What You Need to Know About Seasonal Depression

What You Need to Know About Seasonal Depression

Here are the SADD facts.

When the clocks turn back in early November, the slow creep of winter darkness begins, and with it, the onset of seasonal affective disorder or seasonal depression. As the daylight hours get shorter and grayer, the 10 million Americans who are affected by the disorder each year begin to feel sluggish, fatigued and depressed. They often begin eating and sleeping more and going outside less.

“People hibernate socially,” says Christine Larson, professor of psychology at UW-Milwaukee. “They become withdrawn, have trouble concentrating and lose interest in things they normally enjoy.”

Women are four times more likely to suffer from the disorder then men. And Wisconsinites have been dealt a pretty bad hand: The farther north you live, the fewer hours of daylight you have in winter, and the more likely you are to be affected. Our latitude has a seasonal depression rate of about 7% to 9%, but if you live in Florida, which enjoys about 1.5 more hours of daylight on the winter solstice than Wisconsin, the rate drops to about 1%, Larson says.

Since the symptoms are essentially those of depression, they can be treated similarly with psychotherapy, medication and other effective strategies, such as increased exercise. But seasonal affective disorder also has one unique form of treatment: light therapy.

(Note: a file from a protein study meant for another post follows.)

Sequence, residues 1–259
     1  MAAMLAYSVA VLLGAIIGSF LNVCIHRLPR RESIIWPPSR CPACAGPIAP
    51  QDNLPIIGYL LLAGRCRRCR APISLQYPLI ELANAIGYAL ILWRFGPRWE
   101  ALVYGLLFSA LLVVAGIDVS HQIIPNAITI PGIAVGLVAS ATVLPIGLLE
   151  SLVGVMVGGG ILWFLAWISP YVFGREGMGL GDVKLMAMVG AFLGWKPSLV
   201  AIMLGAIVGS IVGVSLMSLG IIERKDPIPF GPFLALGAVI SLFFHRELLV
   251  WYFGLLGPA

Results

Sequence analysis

Lightboxes offer a simple form of light therapy for home use. They put out 10,000 lux of bright white light – about 20 times brighter than average indoor lighting – and protect users from ultraviolet rays. It’s simple to use: Sit about 2 feet in front of the box, and bask in the glow for a half-hour every morning to make up for the bright light the winter has robbed us of. While basking, you can read, work on your computer and generally carry on as usual.

These devices have come down in size and price in recent years, with models the size of an iPad fetching well under $100.

With spring still far away, and the days short and dark, you might find solace in the words of French writer Albert Camus, who wrote, “In the midst of winter, I found there was, within me, an invincible summer.”


This Story is part of Milwaukee Magazine‘s 2020 Winter Playbook

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